Evidence-Based Change



Handhygiene is widely accepted and recognized as one of the main ways ofpreventing health care associated infections (HCAIs) (Sjoberg, 2010).The practice of hand hygiene is thus considered as one of the mostcritical factors in control of infections (Mathur, 2011). Iteradicates the transfer of disease causing microorganisms from onepatient to the other by health care workers.

Despitethe knowledge that hand washing reduces infection s in health caresetting, the adherence to the practice is unacceptably low, usuallynot surpassing 40 percent of situations in which hand hygiene isexpected. Hand washing or hand hygiene echoes behaviors, attitudesand beliefs (Sax et al., 2007). The various factors identified tohinder hand washing behavior include health care staff related suchas, nursing assistant status rather than a nurse, forgetfulness,physician status rather than a nurse and being male clinical factorslike working in ICU (intensive care unit), understaffing, patientovercrowding, when patients need take priority, hand washinginterferes with the health care worker patient relationship, andworking during the week as opposed to weekend environmental orinstitutional behavioral factors including hand washing agentsleading to irritation or dryness, lack of guidelines to hand washing,belief of low risk for infection from patients, disagreement withguidelines, lack of institutional priority, glove wearing, lack ofadministration efforts to promote the practice, sinks inconvenientlysituated, and skepticism in regard to the value of hand washing(Mathur, 2011).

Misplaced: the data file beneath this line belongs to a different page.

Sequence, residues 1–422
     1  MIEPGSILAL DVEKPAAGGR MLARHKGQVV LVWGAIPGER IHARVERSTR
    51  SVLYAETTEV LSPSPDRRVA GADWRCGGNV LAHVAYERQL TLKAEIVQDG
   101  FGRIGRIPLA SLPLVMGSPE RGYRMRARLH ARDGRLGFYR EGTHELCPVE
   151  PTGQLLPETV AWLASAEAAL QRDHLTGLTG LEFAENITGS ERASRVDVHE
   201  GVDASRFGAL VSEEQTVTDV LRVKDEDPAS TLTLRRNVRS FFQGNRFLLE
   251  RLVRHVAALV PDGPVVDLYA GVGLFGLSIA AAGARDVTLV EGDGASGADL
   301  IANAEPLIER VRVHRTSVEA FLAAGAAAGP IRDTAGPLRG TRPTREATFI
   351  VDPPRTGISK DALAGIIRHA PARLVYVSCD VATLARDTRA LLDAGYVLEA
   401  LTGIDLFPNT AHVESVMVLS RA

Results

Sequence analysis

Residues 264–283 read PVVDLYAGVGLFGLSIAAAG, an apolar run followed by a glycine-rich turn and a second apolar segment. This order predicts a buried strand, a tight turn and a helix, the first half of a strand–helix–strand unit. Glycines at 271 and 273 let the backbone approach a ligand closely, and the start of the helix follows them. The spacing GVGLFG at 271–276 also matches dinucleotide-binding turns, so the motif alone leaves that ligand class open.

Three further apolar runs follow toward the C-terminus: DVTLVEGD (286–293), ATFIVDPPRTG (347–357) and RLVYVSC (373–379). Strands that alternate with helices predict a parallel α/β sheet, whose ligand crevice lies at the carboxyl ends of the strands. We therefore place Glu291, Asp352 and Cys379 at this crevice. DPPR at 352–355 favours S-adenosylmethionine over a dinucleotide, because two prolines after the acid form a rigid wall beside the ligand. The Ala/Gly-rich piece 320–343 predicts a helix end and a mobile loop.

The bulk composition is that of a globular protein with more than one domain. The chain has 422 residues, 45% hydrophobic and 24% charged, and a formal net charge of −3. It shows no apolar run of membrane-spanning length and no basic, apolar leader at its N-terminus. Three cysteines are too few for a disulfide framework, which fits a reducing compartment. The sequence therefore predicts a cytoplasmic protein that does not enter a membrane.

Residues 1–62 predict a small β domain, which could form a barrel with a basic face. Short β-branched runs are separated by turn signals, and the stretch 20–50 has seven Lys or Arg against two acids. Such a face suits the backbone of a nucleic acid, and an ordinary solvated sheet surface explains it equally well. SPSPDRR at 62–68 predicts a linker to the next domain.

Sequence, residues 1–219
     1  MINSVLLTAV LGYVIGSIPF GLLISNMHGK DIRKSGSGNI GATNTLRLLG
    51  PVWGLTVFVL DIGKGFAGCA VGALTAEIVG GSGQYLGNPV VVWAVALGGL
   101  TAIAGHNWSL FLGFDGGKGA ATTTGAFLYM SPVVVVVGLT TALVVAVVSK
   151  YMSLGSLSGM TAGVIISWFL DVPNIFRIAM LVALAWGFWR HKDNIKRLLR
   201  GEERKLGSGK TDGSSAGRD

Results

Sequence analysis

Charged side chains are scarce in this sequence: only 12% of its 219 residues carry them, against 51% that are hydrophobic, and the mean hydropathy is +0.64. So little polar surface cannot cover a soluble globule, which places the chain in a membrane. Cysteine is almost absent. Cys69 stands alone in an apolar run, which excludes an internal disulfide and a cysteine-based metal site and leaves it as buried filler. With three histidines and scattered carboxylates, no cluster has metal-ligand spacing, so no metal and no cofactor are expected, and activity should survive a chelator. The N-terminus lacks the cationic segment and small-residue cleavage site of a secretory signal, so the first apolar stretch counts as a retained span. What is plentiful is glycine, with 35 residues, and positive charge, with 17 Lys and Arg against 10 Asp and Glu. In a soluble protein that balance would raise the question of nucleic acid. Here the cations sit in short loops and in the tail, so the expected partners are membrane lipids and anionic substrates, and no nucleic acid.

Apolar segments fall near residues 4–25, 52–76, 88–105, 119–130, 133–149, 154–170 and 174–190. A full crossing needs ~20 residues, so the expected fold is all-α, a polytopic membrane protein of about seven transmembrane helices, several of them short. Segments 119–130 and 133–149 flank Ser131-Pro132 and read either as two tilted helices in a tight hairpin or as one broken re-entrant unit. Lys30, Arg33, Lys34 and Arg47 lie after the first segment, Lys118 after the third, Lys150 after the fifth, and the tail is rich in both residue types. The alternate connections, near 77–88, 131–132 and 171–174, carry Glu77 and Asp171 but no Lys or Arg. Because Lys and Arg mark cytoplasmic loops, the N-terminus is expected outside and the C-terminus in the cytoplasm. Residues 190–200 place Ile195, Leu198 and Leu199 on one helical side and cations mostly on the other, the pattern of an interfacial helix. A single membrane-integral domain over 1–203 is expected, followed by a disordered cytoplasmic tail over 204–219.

Thearticle brings new light the importance of hand washing in reducinghealth care associated infections. Although as a nurse am aware ofthe importance of hand washing, the article outlines in depth thehistory of hand washing, its importance and the barriers to handwashing practice among health care workers. Ultimately the methods toimprove hand washing behavior have been outlined which will be usefulto me as a nurse in engaging hand practice and encouraging mycolleagues to do the same.


Mathur,P. (2011). Hand hygiene: back to the basics of infection control. TheIndian journal of medical research,134(5),611.

SaxH, Uckay I, Richet H, Aegranzi B, Pittet D. Determinants of goodadherence to Hand Hygiene among healthcare workers who have extensiveexposure to Hand Hygiene campaigns. Infect Control Hosp Epidemiol.200728:1267–74.

SjobergS, Eriksson M. Hand disinfectant practice: the impact of an educationintervention. Open Nurs J. 20104:20–4.